Upgrade to remove ads
Chp. 8 General Principles of Sensory Processing, Touch, and Pain
Terms in this set (36)
Basic principles of Sensory Processing
touch and pain
Sensory receptor organs
are organs specialized to detect a certain stimulus.
within the organ convert the stimulus into an electrical signal. Receptor organs are very diverse.
is the type of stimulus to which a sensory organ is particularly adapted.
many sensations blended together; skin is a complex organ that contains a variety of sensory receptors
dorsal column system
carries somatosensory information from the skin to the brain
The conversion of electrical energy from a stimulus into a change in membrane potential in a receptor cell.
(or generator potentials) are local changes in membrane potential.
Skin has three separate layers:
Epidermis—outermost layer; thinnest
Dermis—middle layer; contains nerve fibers
Hypodermis—innermost layer; anchors muscles and helps shape body
outermost layer of skin; thinnest
middle layer; contains nerve fibers
inntermost layer; anchors muscles and helps shape body
Four tactile receptors detect touch:
Pacinian corpuscles—vibration, fast-adapting
Meissner's corpuscles—touch, fast-adapting
Merkel's discs—touch, slow-adapting
Ruffini's endings—stretch, slow-adapting
vibration, fast-adapting. A stimulus to the corpuscle produces a graded electrical potential.
When the potential is big enough, the receptor reaches threshold and generates an action potential.
The Structure and Function of the Pacinian Corpuscle
1) Mechanical stimulation deforms the corpuscle
2) Deformation of the corpuscle stretches the tip of the axon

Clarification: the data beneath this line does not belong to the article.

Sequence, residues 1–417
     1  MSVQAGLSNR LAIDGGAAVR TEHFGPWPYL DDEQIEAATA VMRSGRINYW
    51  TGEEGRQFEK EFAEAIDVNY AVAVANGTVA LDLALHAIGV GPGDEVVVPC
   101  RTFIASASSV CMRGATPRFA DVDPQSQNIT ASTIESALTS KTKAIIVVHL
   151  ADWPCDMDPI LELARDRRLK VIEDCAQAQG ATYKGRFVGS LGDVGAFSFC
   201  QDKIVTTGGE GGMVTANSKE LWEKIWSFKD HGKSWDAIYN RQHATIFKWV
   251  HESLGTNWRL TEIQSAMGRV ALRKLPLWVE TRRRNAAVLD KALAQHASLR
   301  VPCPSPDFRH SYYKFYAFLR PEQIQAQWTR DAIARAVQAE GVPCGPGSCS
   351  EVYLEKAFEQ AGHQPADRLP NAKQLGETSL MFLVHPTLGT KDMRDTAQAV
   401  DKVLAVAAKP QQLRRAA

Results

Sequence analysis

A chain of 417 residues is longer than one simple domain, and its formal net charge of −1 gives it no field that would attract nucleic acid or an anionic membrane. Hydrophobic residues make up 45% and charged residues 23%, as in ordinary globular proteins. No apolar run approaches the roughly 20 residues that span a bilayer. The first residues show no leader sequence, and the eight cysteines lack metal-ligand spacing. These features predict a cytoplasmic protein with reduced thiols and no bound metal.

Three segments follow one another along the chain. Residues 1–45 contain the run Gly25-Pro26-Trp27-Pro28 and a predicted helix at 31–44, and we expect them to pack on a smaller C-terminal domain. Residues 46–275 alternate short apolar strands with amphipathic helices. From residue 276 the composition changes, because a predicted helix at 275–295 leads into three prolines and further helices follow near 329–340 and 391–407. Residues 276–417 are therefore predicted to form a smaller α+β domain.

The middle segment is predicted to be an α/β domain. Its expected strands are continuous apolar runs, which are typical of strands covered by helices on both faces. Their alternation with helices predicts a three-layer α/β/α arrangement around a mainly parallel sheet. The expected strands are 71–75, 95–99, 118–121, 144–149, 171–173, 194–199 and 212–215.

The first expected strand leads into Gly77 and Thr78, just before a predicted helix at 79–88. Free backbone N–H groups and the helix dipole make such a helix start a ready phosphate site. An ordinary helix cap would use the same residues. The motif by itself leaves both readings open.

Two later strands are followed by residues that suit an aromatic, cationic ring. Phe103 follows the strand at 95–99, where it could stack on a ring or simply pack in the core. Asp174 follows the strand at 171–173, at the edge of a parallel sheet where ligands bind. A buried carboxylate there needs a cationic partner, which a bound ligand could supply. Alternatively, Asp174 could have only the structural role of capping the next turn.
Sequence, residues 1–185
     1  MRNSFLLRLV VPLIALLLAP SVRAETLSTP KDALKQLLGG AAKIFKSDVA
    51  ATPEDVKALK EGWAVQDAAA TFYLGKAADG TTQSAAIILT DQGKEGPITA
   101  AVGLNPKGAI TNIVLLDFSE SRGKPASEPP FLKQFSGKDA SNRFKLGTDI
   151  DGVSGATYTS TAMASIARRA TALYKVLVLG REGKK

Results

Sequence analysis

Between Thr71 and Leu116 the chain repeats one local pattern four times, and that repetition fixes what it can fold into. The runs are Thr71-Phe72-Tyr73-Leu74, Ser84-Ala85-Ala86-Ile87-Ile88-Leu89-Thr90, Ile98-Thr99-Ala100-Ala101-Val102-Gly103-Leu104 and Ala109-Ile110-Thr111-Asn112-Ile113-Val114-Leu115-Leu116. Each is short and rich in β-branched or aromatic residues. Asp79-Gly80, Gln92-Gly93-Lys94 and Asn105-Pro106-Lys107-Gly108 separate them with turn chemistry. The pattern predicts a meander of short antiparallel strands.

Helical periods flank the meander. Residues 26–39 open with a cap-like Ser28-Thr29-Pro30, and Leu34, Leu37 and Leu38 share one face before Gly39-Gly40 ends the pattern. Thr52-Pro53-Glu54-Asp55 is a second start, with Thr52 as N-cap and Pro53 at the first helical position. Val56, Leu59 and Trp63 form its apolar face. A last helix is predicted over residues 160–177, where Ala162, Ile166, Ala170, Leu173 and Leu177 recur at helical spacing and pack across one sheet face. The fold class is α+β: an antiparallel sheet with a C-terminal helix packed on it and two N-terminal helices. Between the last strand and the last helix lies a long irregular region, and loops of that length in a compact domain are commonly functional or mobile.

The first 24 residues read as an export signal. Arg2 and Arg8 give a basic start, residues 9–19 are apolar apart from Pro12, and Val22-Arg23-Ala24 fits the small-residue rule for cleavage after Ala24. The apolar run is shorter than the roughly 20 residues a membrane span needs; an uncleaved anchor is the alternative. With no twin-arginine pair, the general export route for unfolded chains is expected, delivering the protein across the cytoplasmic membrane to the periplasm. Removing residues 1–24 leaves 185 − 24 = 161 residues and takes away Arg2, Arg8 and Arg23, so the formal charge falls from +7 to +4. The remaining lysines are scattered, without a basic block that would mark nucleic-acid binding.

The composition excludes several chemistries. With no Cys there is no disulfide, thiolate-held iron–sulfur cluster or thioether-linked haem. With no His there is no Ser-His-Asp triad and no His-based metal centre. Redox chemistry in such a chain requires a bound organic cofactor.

3) Stretching the axon open mechanically gated ions cannels in the membrane allowing + charged ions to enter
4) The receptor potential reaches threshold amplitude
5) Action potential
Patterns of electrical activity in the sensory system convey information about the original stimulus.
A single neuron can convey stimulus intensity
by changing the frequency of its action potentials.
Multiple neurons can act in parallel
as the stimulus strengthens, more neurons are recruited.
takes place when different cells have different thresholds for firing, over a range of stimulus intensities.
The somatosensory system
detects body sensations, including touch and pain.
Spatial properties of the stimulus
show slow or no decline in action potential frequency.
The progressive loss of response to a maintained stimulus.
display adaptation and decrease frequency of action potentials
The dorsal column system
delivers touch information to the brain.
a strip of skin innervated by a particular spinal nerve.
Each sensory system has a distinct
sensory pathway in the brain and passes through stations during processing.
Most sensory pathways pass through regions of the
thalamus and terminate in the cerebral cortex
field is the space in which a stimulus will alter a neuron's firing rate. It defines the perception threshold. Receptive fields differ in size, shape, and response to types of stimulation.
Receptive fields in the cortex S1 and S2:
A separate primary sensory cortex exists for each modality.
Secondary sensory cortex, or nonprimary sensory cortex, receives its main input from the primary cortical area for that modality.
A separate primary sensory cortex
exists for each modality
Secondary sensory cortex, or nonprimary sensory cortex
receives its main input from the primary cortical area for that modality.
is a state, or condition, of selective awareness or perceptual receptivity, by which specific stimuli are selected for enhanced processing. It may also be the process that allows selection of some inputs over others
Certain brain regions are important in attention.
YOU MIGHT ALSO LIKE...
Chapter 10 Sensory Physiology
Chapter 10 Sensory Physiology
Physiology 3200 - Sensory Systems
OTHER SETS BY THIS CREATOR
Chp. 10: Sex Differences in Health
Chp. 11: Relationships and Health
Chp. 13: Mental Health
Chp. 12: Paid Worker Role and Health